Other features and advantages of the method according to the invention will be clear from reading the description hereafter, with reference to the accompanying drawings wherein:
The method comprises, as mentioned above, injecting into a reservoir such as an underground reservoir a mixture of the potentially reactive gas to be quantified with a relatively low proportion of another species (a tracer gas) whose chemical inertness is total, and measuring the variation with time of the initial proportion of the reactive gas that may have disappeared through conversion.
The two conceivable physical processes that affect the reactive species and the rare gas tracer are the solubilization of the gas in water and the diffusion of the molecular gaseous species in water. In fact, diffusion in the gas phase can be considered to be negligible given the times considered between each sampling (months or years). Another important factor for these carrying dissolution phenomena is the product of the solubility by the diffusion, as described for example by:
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It appears that the rare gas whose physical properties are the closest to those of methane is argon. The high solubility of CO2 in water corresponds to no rare gas, xenon being the gas which is the closest thereto. However, xenon being a rare gas that is readily adsorbed on solids, we recommend using krypton, whose properties are close to the properties of xenon and which is affected to a lesser degree by this adsorption trapping problem.
Calculation of the quantity to be injected in relation to the analysis accuracy and the accuracy on the proportion of injected gas having reacted chemically
The proportion of rare gas to be injected in methane or carbon dioxide depends on the analytical accuracy considered and on the precautions to be taken with the contamination by air and the aquifers surrounding the storage site. In fact, the argon contents of air are close to 1%, the aquifers are also very rich in argon, which requires using either a more concentrated tracer (but concentrations above 1% are against the quality of the gas injected), or using a less abundant isotope of argon (36Ar or 38Ar). For krypton tracing, the contents in air are much lower (X ppm), and the contamination problem is less. Contamination is understood to be the change in the initial proportion of rare gas in relation to the injected mixture of the same tracer gas by contact with the injection medium. The advantage of tracing by means of a rare gas whose isotopic composition is different from that of air (or of the natural media concerned by storage) is that it allows both to avoid contamination problems and to carry out measurements by isotopic dilution, which are the most accurate measurements available to date. The analysis method used can be, by increasing the sensitivity and the result accuracy, gas chromatography (only sensitive to chemical species, without isotope distinction), quadrupole spectrometry (same limitation but higher sensitivity) or coupling of a preparation line to a magnetic spectrometer, which allows precise measurement of the concentrations and of the abundance ratios. The quantity of gas that has reacted chemically after injection can be calculated with the following formula:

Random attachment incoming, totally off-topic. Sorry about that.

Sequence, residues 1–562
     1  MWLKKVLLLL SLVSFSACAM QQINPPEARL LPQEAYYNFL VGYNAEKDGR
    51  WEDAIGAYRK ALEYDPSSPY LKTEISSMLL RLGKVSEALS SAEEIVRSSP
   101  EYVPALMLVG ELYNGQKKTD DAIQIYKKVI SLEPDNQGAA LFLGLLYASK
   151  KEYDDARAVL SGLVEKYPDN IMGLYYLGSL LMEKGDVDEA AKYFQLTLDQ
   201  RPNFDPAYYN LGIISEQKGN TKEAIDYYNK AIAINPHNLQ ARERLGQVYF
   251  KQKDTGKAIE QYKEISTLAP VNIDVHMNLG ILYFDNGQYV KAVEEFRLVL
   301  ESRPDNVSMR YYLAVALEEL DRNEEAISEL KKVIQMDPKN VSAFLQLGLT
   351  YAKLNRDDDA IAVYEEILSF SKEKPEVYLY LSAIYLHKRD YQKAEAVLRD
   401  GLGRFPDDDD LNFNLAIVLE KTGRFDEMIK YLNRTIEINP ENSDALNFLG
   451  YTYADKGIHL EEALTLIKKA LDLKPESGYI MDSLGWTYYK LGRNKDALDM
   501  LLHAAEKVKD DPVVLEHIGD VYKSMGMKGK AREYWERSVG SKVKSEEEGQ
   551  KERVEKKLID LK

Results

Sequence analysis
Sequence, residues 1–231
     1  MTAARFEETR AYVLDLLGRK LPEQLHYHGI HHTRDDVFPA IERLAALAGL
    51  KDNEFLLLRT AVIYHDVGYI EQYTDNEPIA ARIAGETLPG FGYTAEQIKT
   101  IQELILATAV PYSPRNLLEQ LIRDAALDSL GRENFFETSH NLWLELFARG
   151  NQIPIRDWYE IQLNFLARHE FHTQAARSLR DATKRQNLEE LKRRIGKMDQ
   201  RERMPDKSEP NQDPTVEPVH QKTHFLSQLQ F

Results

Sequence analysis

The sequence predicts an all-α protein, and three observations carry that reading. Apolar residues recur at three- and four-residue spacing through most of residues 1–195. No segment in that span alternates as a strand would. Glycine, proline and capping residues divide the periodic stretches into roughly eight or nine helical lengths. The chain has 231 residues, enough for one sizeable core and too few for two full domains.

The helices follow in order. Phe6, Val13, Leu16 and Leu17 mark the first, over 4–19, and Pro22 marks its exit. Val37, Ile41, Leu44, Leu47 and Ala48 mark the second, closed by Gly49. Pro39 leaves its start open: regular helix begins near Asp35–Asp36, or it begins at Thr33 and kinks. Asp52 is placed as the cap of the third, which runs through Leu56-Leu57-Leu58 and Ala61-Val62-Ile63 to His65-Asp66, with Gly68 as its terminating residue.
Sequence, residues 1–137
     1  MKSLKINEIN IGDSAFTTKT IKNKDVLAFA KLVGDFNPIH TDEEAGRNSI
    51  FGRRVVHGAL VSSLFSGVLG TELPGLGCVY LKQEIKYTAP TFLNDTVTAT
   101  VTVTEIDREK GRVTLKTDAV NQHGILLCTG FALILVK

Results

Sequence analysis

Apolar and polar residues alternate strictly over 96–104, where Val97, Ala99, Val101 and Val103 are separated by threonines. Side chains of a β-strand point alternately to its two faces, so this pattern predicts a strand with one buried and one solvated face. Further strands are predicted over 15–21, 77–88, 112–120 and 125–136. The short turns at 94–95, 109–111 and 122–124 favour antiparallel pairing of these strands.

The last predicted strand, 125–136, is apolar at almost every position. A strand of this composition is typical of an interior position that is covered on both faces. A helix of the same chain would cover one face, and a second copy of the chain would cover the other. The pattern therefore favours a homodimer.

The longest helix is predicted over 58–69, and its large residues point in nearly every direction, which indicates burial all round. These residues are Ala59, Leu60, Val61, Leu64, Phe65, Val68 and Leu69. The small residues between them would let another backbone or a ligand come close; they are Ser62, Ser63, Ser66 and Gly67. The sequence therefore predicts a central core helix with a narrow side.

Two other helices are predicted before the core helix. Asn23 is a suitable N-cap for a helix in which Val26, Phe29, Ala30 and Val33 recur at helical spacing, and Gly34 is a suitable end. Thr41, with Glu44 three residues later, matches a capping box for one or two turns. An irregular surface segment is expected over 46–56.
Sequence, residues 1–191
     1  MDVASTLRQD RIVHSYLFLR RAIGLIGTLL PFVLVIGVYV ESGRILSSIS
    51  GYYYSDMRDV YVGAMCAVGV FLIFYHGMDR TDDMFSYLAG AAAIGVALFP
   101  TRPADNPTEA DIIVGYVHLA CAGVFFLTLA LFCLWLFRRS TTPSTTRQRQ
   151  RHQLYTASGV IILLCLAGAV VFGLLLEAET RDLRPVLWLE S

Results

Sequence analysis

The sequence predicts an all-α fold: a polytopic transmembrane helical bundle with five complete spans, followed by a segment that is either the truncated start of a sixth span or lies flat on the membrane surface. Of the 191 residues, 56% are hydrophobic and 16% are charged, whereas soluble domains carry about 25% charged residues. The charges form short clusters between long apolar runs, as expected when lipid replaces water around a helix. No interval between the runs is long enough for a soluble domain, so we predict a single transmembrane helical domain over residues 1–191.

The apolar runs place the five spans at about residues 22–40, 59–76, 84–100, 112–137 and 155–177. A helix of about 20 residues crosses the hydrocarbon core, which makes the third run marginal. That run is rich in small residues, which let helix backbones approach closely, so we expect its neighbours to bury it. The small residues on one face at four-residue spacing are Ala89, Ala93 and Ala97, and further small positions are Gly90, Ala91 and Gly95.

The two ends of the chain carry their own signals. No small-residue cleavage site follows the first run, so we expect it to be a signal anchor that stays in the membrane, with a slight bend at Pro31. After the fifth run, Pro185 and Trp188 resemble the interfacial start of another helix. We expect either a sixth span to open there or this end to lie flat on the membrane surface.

If a magnetic isotopic spectrometer is used, it is possible to use tracers of different isotopic composition, which improves the measuring quality and reduces the quantities to be injected. For example, a tracer essentially consisting of 38Ar would have a cumulative effect with the atmospheric contents of about 5 10−6. An injection up to 20 10 −6 (mole/mole) would therefore be perfectly sufficient. For krypton, 78Kr for example, which has a 4 10−9 concentration in the atmosphere, could be used in a proportion of 10−6 allowing easy measurement, without having to take account of the pollution by the surrounding medium.
The method can be used to test an underground site in order to determine its gas storage ability. In this case, a slim hole is drilled down to the zone to be tested and a homogeneous mixture of gas and of tracer gas is injected for a relatively short time, of the order of some days to some months. The samples required for measurement of the tracer proportion variation in the mixture injected at the end of the residence time thereof are taken by opening a valve in the injection hole.
The method can also be used to monitor the evolution of the content of a gas reservoir under development so as to detect variations in the composition of a mixture injected therein. Measurement of the variation of the tracer gas proportion in carbon dioxide allows for example to monitor its possible conversion to carbonates on contact with the medium. The well used for sampling can be different from the well through which the gas is injected.
The sampling frequency after injection, within the scope of this monitoring operation, can range between some months and some years.